The big question is, can we ever get there, that is, to the point where we are sure that meaning expressed in words is correct
. Since the object itself changes, we are unable to grasp the ultimate meaning, because it will become false with the next change.

This leads us to a situation where we have two worlds available. One immediate, free from concepts, and the other created from concepts only.
To clarify, "words" existing in reality, point to meaning which builds the illusory world.


Regarding the bolded section, this reminds me of a hypothetical that was mentioned in a math class of mine.

If you are standing some distance from a wall (lets say 10 meters), and move halfway towards the wall (5 meters in this case), you are closer than you were before. You can move halfway towards the wall as many times as you like, to the point where you are only moving millimeters at a time, but you will never actually get to the wall.

It makes me realize that however useful language proves to be (for purposes of science, for example), it can't act as an ultimate authority on reality. Why? Because words and language are part of that reality. We can't step out of experience and view it from an objective standpoint. Nevertheless, words are useful tools and pointers, as plenty of people have already said.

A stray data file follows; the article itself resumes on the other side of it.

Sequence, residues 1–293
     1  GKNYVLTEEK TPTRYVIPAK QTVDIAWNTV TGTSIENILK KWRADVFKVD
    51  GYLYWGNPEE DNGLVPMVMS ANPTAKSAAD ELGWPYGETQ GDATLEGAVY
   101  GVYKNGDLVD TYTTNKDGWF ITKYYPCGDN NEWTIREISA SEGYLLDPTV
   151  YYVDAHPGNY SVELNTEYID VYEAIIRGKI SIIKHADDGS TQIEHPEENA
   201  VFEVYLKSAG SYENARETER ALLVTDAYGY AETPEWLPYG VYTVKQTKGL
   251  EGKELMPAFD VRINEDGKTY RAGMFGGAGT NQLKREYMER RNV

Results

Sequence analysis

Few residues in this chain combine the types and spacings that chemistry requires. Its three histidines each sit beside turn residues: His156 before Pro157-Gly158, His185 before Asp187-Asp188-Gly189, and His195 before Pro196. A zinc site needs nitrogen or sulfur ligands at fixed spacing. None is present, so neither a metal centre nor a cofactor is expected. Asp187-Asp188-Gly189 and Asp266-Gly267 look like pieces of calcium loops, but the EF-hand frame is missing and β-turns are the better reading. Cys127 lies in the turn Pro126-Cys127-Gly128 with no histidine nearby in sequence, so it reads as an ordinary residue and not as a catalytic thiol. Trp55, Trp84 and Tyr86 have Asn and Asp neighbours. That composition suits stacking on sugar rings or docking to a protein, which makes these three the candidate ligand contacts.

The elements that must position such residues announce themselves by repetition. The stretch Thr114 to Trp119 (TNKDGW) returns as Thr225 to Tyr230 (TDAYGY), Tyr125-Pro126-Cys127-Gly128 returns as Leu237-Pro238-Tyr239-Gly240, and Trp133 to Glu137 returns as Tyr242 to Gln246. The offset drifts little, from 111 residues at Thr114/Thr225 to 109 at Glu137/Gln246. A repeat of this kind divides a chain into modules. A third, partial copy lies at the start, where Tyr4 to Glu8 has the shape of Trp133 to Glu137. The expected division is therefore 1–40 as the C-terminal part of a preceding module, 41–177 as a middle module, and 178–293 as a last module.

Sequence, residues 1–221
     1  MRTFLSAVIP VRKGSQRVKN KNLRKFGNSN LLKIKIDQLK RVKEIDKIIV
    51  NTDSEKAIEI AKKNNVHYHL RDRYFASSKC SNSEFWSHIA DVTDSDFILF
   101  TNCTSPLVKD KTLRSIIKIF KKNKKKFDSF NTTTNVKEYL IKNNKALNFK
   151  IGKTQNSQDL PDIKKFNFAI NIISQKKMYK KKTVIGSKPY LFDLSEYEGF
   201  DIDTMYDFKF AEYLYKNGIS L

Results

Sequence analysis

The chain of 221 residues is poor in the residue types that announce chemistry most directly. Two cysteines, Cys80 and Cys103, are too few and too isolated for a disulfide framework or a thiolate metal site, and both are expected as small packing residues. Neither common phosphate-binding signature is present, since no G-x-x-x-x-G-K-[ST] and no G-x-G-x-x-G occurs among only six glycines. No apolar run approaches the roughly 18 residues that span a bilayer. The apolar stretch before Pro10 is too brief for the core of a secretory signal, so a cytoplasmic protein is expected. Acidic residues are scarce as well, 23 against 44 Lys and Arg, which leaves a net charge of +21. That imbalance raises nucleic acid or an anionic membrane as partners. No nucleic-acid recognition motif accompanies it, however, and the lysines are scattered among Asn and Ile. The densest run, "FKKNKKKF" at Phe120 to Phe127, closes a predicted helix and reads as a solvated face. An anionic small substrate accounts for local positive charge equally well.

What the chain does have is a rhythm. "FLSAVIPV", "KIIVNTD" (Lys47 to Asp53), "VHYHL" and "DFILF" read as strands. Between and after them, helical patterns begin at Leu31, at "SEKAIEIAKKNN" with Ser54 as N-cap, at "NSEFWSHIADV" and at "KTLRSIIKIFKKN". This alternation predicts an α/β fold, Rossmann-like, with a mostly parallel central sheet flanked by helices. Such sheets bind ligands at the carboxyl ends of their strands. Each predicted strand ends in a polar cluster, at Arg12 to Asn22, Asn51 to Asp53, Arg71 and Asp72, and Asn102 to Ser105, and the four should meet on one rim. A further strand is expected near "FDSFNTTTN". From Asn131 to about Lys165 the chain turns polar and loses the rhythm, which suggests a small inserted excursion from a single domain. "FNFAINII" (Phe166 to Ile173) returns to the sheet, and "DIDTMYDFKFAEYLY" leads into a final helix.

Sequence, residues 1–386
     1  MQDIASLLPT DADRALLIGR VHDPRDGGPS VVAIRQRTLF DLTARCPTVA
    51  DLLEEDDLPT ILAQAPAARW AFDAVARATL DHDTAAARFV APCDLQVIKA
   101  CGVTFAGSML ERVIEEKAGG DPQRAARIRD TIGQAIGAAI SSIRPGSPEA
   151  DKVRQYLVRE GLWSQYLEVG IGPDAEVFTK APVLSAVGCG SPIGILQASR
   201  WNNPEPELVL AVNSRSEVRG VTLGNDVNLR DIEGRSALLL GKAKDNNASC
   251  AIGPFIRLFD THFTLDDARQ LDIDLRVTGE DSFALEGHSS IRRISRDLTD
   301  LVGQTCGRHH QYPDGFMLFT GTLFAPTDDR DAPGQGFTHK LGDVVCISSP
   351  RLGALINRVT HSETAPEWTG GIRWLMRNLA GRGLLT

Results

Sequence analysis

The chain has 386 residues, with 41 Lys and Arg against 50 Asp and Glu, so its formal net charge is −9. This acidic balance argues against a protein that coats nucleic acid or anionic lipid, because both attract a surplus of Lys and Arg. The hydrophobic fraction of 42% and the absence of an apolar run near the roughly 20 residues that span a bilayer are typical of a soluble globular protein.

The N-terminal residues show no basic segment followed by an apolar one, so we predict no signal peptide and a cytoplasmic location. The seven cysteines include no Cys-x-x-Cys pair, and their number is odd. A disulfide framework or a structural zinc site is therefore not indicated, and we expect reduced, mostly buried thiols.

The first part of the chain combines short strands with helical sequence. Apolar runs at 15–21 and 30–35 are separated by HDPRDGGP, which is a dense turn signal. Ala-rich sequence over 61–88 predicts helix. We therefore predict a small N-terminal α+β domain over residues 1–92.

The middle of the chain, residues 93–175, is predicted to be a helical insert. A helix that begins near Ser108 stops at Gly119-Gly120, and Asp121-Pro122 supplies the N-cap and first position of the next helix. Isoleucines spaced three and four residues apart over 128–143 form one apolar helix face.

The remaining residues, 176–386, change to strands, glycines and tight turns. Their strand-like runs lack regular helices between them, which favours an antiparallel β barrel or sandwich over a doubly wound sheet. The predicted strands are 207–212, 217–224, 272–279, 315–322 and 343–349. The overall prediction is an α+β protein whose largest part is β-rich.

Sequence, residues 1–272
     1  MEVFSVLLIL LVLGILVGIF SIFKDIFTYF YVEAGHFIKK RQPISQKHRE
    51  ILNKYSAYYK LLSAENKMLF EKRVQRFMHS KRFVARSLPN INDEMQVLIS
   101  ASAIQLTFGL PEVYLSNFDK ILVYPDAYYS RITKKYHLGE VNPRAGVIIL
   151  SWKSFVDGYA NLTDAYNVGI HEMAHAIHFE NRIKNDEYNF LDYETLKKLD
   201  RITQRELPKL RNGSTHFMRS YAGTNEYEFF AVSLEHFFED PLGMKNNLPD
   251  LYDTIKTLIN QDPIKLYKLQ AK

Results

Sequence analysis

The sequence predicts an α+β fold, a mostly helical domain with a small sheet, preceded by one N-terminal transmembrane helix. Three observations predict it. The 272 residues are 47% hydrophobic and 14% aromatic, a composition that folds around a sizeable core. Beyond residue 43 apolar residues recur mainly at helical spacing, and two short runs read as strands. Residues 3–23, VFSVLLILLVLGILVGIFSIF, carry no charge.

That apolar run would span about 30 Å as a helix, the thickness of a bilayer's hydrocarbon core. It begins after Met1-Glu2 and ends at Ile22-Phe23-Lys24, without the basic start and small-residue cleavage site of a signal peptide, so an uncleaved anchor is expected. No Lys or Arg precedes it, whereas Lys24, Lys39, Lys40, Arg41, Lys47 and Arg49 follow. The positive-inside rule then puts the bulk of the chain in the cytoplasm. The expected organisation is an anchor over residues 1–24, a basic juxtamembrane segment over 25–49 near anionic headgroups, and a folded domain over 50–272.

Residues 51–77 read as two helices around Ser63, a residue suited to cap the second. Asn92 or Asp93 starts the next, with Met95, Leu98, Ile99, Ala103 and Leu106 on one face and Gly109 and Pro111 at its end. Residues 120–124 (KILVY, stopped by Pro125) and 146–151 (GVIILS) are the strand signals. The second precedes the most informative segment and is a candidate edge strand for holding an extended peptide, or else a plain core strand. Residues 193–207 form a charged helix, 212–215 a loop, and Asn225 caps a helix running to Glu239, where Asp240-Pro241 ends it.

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Re: "All cognitions broght about by words are ultimately fal

Postby muni » Thu Dec 19, 2013 9:07 am

The Way wrote:
oushi wrote:I think we can say that words are true (always), but phenomena they are pointing at, not necessarily. For example, "moon is a big cheese". We know this pointing to be false, quite easily. Now, if we say "moon is a big piece of rock", we move closer to truth, but we ain't quite there.
The big question is, can we ever get there, that is, to the point where we are sure that meaning expressed in words is correct
. Since the object itself changes, we are unable to grasp the ultimate meaning, because it will become false with the next change.

This leads us to a situation where we have two worlds available. One immediate, free from concepts, and the other created from concepts only.